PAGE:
If there was any concern as to how dynamic shortstop Tim Anderson and old-school manager Tony La Russa would get along, Chicago White Sox fans can breathe a sigh of relief at the start of spring training.
Anderson, who laughingly said that he wouldn't "change my style, the way I play" after the White Sox hired the 76-year-old La Russa in October, said he arrived at camp early just to sit down and talk with his new manager.
The 27-year-old Anderson, who hit .322 in 2020 after winning the American League batting title in 2019, said he has gotten the chance to get to know La Russa, and he likes what he sees.
"Just to see what page he's on is definitely awesome," Anderson told reporters on Monday in Glendale, Arizona. "Just have conversations with him, very motivating.
"The drive to want to win, he has that. I'm behind him 110 percent. That's the ultimate goal, is to win and to win a World Series here. I'm behind him."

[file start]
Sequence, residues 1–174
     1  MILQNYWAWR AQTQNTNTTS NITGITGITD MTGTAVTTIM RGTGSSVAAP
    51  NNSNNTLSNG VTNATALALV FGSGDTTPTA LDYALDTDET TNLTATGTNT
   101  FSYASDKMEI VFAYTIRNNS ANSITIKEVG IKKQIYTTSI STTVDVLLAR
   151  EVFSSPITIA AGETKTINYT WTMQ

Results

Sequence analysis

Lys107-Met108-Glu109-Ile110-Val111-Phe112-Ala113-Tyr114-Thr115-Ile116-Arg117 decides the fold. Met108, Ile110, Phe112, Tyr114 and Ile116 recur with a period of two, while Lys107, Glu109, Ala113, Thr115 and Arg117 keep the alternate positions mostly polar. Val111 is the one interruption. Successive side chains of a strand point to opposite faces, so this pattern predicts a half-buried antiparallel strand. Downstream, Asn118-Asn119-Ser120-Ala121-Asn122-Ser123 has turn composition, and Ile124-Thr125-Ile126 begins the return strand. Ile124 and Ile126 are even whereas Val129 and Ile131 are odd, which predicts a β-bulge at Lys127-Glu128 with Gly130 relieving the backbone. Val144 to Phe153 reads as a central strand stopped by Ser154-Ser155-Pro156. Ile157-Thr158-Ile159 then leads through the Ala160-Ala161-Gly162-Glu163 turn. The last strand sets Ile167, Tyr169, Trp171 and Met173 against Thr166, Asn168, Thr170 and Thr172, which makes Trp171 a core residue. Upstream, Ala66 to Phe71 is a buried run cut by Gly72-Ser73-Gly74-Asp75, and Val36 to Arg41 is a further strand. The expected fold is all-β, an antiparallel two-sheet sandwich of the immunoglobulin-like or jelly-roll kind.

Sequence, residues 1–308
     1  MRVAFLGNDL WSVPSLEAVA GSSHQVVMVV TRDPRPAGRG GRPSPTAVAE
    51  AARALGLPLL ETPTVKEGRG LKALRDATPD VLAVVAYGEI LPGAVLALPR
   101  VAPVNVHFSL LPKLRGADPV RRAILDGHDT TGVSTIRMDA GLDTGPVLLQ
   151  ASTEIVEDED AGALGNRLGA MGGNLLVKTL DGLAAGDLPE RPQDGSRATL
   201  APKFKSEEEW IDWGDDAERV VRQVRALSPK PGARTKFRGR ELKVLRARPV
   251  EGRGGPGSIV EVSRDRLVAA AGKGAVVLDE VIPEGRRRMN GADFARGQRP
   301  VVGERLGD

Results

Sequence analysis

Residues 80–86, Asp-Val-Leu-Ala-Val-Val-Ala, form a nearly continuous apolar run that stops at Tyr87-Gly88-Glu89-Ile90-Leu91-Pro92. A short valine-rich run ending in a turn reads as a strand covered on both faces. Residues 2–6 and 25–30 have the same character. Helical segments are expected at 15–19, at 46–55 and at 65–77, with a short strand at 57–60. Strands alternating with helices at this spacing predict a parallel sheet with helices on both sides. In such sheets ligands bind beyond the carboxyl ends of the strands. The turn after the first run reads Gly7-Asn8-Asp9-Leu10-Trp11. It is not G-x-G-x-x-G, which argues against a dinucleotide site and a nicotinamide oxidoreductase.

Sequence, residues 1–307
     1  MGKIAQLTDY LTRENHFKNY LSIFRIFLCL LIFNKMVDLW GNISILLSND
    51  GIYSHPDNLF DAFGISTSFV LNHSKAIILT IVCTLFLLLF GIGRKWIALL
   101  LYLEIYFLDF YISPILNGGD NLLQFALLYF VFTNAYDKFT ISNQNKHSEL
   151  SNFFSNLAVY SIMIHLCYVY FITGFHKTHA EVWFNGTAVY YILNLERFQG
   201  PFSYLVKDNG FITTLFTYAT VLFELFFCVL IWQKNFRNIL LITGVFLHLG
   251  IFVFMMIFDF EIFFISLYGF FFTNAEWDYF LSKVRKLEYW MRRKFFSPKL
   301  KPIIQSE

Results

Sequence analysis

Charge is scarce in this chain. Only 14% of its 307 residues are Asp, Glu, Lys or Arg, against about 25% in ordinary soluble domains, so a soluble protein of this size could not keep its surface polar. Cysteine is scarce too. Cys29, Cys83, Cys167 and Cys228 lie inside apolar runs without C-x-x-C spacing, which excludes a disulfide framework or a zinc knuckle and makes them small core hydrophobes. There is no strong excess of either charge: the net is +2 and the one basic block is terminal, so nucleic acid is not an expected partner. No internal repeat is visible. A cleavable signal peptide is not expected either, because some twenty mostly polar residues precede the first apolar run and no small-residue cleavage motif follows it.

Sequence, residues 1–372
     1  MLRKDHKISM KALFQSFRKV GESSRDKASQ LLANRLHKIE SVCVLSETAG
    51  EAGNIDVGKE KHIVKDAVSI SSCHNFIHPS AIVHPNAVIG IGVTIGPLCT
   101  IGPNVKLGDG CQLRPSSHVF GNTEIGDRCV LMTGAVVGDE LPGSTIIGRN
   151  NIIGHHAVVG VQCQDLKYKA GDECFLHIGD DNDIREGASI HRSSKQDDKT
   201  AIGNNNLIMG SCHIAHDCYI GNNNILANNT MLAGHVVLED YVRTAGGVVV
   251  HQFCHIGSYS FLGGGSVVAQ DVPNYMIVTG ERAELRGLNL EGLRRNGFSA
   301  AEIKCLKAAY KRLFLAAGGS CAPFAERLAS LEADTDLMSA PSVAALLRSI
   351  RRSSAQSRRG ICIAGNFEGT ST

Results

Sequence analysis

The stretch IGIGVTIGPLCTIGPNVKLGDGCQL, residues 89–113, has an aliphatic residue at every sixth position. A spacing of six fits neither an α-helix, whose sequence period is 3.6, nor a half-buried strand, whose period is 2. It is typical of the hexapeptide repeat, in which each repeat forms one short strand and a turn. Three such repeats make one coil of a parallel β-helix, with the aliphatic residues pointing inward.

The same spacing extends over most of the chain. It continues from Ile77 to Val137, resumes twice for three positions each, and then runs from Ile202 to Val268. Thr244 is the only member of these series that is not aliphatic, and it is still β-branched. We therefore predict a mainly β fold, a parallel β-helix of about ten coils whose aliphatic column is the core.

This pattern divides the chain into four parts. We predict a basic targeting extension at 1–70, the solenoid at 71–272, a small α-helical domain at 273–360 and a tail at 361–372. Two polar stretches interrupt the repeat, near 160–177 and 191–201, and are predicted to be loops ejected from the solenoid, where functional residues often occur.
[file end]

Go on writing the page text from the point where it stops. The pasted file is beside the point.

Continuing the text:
La Russa, in his second stint with the White Sox 34 years after they fired him, is 2,728-2,365 with six pennants over 33 seasons with Chicago, Oakland and St. Louis. Only Hall of Famers Connie Mack (3,731) and John McGray (2,762) have more victories.
But he hasn't filled out a lineup card since the Cardinals beat Texas in Game 7 of the 2011 World Series, and he's very aware of that.
"One of the players asked me, 'Hey, you were nervous [after addressing the team Monday]?'" La Russa said. "I said, 'Yeah.' ... It means that you care and you understand that the unknown is out there. The challenge of the competition."
Said Anderson: "I think he's pretty solid. So far, everything has been great. The things he has been preaching have been good. I think we got the right man. I hope so."
La Russa is no stranger to managing big personalities. He had Rickey Henderson and Jose Canseco in Oakland. And his closer there, Dennis Eckersley, was known to pump his fist, point at opponents and fire imaginary guns at them after strikeouts.
Anderson said he's at a point where he "can tell him anything I want to" after their one-on-one meeting.
"I ain't afraid of him," Anderson joked. "Tell him that."
The Associated Press contributed to this report.